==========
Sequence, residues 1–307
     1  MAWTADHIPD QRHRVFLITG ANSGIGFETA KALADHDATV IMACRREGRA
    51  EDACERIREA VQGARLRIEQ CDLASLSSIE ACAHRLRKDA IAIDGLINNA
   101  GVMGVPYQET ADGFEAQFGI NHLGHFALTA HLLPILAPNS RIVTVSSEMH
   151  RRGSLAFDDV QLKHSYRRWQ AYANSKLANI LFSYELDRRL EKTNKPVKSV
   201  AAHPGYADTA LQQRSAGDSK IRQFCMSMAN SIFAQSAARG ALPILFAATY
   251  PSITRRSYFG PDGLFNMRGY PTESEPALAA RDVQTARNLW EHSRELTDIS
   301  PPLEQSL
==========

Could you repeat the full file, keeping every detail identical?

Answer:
Sequence, residues 1–307
     1  MAWTADHIPD QRHRVFLITG ANSGIGFETA KALADHDATV IMACRREGRA
    51  EDACERIREA VQGARLRIEQ CDLASLSSIE ACAHRLRKDA IAIDGLINNA
   101  GVMGVPYQET ADGFEAQFGI NHLGHFALTA HLLPILAPNS RIVTVSSEMH
   151  RRGSLAFDDV QLKHSYRRWQ AYANSKLANI LFSYELDRRL EKTNKPVKSV
   201  AAHPGYADTA LQQRSAGDSK IRQFCMSMAN SIFAQSAARG ALPILFAATY
   251  PSITRRSYFG PDGLFNMRGY PTESEPALAA RDVQTARNLW EHSRELTDIS
   301  PPLEQSL